The effect of the high interest rates is hitting every sector of the country's economy. The idea is to slow down inflation, but there are many built-in dangers, which I'm sure the administration has not considered.

I discovered one of them when I visited the American Grommet Factory -- a vast complex covering 12 acres.

I realized that something was wrong when no one stopped me at the gate. When I drove in there was only one Mercedes-Benz parked in the giant lot, built to accommodate 10,000 cars.

It belonged to Harold Square, chairman and chief executive officer of American Grommet. I went directly to Harold's office. There wasn't even a secretary in sight.

Harold was on the phone talking to his bank. "I want $30 million in 60-day Treasury notes, $20 million in shortterm triple-A bonds, and put $7 million into your money fund. Get back to me to confirm it." He hung up.

"Where is everyone, Harold?"

"There isn't anyone," Harold said. "I'm it."

"But who's making your grommets?"

"We're not making grommets anymore. There's not enough money in it."

"I don't understand. Has American Grommet gone bankrupt?"

"On the contrary, we're doing better than ever.

"You see, we had a cash surplus of $200 million. When the prime rate was 5 or 6 percent, we had to make grommets to stay alive."

"How much profit did you make on your grommets?"

"Ten percent on the regular all-purpose grommet, and 15 percent on our super-lifetime one," Harold said. "It was actually a very nice business.

"Then why did you get out of it?"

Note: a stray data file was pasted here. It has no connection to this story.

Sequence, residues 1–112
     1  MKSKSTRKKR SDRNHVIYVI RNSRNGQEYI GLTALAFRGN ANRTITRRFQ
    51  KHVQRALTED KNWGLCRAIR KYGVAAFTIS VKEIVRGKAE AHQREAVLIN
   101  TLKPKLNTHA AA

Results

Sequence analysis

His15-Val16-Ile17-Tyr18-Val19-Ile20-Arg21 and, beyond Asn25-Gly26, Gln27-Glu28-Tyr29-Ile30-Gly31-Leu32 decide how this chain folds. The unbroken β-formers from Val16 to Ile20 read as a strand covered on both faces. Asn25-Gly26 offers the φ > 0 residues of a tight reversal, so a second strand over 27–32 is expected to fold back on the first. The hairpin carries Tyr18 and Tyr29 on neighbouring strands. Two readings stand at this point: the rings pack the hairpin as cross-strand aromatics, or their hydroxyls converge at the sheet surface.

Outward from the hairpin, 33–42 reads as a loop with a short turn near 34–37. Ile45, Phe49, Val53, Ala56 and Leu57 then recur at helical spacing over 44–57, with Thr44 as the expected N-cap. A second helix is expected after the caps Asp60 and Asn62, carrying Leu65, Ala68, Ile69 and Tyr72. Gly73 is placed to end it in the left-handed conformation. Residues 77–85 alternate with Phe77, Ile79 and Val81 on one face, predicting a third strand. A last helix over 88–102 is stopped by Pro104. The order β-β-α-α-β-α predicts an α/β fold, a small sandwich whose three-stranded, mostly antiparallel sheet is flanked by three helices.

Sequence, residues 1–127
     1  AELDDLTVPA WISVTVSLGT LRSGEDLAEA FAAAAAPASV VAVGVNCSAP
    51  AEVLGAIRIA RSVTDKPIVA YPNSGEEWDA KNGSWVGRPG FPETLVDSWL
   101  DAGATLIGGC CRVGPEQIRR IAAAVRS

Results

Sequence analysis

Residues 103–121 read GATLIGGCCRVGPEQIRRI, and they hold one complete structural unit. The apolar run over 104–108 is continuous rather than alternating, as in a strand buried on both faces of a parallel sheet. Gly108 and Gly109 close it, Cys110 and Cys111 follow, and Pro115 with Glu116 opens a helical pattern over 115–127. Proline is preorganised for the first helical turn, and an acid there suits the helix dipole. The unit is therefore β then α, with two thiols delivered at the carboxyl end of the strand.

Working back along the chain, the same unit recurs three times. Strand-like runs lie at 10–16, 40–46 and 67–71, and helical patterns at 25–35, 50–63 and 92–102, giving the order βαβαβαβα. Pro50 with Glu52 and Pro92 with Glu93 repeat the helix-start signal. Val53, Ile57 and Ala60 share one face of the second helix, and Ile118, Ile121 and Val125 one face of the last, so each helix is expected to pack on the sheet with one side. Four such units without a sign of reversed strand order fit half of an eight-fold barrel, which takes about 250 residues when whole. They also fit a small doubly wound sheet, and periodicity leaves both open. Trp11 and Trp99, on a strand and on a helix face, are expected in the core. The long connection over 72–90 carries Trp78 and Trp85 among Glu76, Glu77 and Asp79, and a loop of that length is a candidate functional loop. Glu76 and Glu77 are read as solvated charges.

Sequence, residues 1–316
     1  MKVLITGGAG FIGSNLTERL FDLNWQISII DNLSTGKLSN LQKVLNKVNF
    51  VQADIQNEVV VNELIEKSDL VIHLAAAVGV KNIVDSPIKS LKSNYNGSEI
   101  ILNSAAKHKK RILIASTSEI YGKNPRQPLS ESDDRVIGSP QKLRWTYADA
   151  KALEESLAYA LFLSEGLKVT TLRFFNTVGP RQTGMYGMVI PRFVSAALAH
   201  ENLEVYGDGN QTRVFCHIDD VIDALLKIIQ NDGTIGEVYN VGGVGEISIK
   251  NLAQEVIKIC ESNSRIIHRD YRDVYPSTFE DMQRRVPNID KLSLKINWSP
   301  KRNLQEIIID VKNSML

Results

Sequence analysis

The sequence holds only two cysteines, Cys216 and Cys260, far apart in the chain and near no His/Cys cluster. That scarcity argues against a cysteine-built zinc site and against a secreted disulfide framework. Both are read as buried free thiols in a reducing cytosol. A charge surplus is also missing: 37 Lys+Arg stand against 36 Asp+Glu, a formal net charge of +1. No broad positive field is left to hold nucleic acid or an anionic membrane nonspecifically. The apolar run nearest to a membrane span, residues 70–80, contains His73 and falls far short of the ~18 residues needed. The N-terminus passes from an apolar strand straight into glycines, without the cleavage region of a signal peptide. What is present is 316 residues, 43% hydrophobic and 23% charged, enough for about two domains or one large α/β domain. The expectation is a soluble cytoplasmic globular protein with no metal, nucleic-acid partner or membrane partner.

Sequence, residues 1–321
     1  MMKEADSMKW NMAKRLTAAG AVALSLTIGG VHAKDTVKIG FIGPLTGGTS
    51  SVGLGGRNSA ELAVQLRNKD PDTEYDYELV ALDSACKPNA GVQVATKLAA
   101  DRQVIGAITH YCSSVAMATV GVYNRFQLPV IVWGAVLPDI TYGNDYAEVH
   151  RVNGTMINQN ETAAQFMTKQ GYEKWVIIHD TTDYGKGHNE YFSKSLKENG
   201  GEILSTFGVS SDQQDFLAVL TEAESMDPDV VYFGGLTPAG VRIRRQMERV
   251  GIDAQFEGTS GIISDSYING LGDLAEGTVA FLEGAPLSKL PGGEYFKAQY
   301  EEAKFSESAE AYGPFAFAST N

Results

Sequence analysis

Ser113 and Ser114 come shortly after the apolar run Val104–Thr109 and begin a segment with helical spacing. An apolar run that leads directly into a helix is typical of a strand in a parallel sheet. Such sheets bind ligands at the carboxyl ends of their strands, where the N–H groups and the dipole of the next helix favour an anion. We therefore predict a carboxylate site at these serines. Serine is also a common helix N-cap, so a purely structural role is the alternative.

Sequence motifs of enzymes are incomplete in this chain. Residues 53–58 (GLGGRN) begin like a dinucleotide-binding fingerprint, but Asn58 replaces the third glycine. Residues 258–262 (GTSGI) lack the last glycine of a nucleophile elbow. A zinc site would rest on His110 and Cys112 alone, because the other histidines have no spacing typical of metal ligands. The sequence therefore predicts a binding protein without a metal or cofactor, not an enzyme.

"Well, when you can make 17 or 18 percent by just putting your money into Tresury notes, it makes no sense to manufacture grommets anymore.

"But the country needs grommets."

"Look, we're a business like any other business, and we have to make a profit for our stockholders. If we can make more on bank notes than we can on grommets, I have an obligation to do it, or I'll be sued."

"But all you're doing is making money on money. That doesn't do anything for the productivity in the country."

"That's easy for you to say. But do you realize how tough it is to run a grommet factory? You have to deal with unions, employe benefits, government regulations, late-paying customers and surly clients. And all you make on it is a lousy 10 percent. But if you use the same money to buy notes, you're dealing with one guy at the bank, making one telephone call a day and the money just rolls in."

"It does sound easier than making grommets," I admitted. "But if everybody stops making a product and invests in the money market, there won't be anything to buy. Won't that spur on inflation?"

"Probably. But I'm not a financial expert, and I'm sure the economists in Washington have a good answer to that one. After all, if they didn't know what they were doing, they wouldn't be there."